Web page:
TV Goes MCB

When Mutant City Blues came out, examples of super powered police procedural TV shows were hard to come by. Back then we had to imagine a hybrid of those two genres. With examples now popping up on network and streaming TV, you kids today have it easy!

“The Flash” comes closest to the structure envisioned in MCB. (Full disclosure: I recently caught up with the first season on streaming and haven’t seen any of the second.) Barry Allen is a civilian forensic specialist who works hand-in-hand with a police detective-slash-father figure. Cases of the week involve super-powered bad guys, referred to here as metahumans. Like MCB, the powers all stem from a single event and yield to scientific analysis. The rest of the DC universe, as seen in connected shows, may have magic and other mystery-busting elements, but at least in the first season, Flash mysteries can be cracked with good old reliable technobabble.

The show diverges from MCB by having most of the clue-gathering take place in a civilian lab facility rather than down at the squad room. But there’s still a gruff lieutenant whose chief function is to bark at Barry when the case isn’t closing fast enough.

A darker, unconnected adaptation of the DC universe, “Gotham” started with an interweaving of “Boardwalk Empire”-style gangland soap opera with case-of-the-week cop investigations. It has shed some of its unevenness in its second season by largely ditching COTW. Although literal super powers don’t figure in its mythology, MCB GMs could use it as inspiration for an alternate campaign frame in which mutations have only begun to manifest, and a city reacts to the first tremors of what will become a dangerously changed world.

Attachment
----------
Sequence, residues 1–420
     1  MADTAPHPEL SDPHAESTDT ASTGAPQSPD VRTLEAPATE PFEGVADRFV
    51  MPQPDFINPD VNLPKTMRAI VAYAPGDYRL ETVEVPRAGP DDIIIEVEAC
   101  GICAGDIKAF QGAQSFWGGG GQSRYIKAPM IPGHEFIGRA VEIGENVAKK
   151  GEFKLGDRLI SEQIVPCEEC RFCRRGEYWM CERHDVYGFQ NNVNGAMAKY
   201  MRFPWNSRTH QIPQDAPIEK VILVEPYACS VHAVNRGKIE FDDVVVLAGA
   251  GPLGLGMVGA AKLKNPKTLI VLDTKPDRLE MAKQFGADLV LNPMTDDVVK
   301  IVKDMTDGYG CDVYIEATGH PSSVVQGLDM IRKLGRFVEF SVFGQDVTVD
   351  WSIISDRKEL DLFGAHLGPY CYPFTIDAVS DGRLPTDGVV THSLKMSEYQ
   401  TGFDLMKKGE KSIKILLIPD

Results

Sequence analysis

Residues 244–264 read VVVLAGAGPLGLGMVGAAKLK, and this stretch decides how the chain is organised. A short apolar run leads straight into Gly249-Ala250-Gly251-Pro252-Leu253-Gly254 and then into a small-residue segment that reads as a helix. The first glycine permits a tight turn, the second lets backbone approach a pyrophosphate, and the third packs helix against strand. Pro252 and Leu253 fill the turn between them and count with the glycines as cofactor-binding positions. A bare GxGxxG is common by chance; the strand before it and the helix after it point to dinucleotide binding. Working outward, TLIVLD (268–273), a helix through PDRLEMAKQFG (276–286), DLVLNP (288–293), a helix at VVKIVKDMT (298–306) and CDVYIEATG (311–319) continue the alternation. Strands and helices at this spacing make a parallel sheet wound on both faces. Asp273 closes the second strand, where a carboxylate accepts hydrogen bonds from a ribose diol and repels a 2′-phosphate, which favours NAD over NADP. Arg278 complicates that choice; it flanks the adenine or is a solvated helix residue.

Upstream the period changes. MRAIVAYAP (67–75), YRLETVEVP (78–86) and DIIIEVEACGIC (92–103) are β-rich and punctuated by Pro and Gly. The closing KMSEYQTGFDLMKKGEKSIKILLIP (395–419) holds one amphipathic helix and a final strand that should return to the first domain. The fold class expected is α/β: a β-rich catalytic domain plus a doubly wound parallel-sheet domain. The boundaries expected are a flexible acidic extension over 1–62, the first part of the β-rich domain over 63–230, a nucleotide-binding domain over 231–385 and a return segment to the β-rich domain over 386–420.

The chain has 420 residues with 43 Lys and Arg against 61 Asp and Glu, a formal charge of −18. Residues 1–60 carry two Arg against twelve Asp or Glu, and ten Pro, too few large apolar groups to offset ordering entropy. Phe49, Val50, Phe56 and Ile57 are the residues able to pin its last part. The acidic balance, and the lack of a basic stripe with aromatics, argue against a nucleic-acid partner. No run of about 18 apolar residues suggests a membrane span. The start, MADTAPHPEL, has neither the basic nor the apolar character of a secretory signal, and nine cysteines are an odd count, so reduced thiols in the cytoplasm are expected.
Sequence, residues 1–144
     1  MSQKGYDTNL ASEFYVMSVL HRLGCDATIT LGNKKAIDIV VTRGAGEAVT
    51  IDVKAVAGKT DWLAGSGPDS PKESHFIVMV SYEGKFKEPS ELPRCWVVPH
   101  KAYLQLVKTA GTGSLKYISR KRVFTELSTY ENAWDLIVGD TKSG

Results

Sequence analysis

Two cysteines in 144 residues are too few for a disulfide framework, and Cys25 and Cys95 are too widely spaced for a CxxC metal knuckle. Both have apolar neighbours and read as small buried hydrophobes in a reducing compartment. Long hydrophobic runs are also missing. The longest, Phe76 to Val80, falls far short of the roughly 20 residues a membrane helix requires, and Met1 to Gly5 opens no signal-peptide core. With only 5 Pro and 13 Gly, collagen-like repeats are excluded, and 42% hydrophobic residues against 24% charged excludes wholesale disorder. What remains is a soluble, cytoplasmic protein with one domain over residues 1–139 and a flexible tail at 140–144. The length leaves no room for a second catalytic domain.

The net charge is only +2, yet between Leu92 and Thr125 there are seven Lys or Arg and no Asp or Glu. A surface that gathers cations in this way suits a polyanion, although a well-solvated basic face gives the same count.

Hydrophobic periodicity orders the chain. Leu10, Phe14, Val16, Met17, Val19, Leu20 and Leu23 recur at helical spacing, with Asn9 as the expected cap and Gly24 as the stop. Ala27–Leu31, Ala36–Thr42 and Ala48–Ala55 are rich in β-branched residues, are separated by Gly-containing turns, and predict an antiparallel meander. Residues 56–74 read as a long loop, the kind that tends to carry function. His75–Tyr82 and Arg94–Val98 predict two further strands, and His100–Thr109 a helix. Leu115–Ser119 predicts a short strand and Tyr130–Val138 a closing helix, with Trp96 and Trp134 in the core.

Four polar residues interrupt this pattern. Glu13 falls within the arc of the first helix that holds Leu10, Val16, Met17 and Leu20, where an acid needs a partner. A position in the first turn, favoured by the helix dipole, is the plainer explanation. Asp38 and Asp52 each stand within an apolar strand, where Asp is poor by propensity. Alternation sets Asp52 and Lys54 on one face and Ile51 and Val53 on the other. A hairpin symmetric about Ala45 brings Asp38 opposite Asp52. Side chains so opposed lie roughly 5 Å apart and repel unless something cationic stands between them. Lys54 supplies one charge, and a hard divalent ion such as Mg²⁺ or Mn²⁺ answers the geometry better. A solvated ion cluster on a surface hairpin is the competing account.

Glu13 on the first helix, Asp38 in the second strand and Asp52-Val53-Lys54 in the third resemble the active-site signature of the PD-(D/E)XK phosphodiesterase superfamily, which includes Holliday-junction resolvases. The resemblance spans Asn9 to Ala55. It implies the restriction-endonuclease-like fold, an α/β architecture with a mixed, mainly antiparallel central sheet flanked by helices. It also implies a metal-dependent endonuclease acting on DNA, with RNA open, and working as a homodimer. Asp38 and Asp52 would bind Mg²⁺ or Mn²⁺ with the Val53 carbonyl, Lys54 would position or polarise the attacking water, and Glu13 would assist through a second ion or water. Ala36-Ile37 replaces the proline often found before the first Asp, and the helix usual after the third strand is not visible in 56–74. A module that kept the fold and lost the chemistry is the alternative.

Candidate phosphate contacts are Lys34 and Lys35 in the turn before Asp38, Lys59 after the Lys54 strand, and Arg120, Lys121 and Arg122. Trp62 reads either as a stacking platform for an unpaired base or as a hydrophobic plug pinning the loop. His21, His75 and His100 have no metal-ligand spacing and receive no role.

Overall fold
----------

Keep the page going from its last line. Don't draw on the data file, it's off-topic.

“Jessica Jones” points the way to an alternate campaign frame in which our relatively low-powered super-PCs are private detectives and those around them. Its first season still shows a few vestigial traces of the cast of the week structure that must have been part of the pitch when it was first envisioned as a network show. As reconfigured for serialized Netflix binge-watching, we mostly see Jessica use her investigative abilities to turn the tables on a threat that’s coming at her. In that regard, it’s more like Night’s Black Agents than MCB. It’s easy enough, though, to use it as a tonal reference and imagine an MCB game in which the characters free themselves from barking lieutenants and concern for what Internal Affairs will say by making themselves investigators for hire.

One Response to “TV Goes MCB”

  1. Benj says:

    I’d been thinking of it as like Haven.

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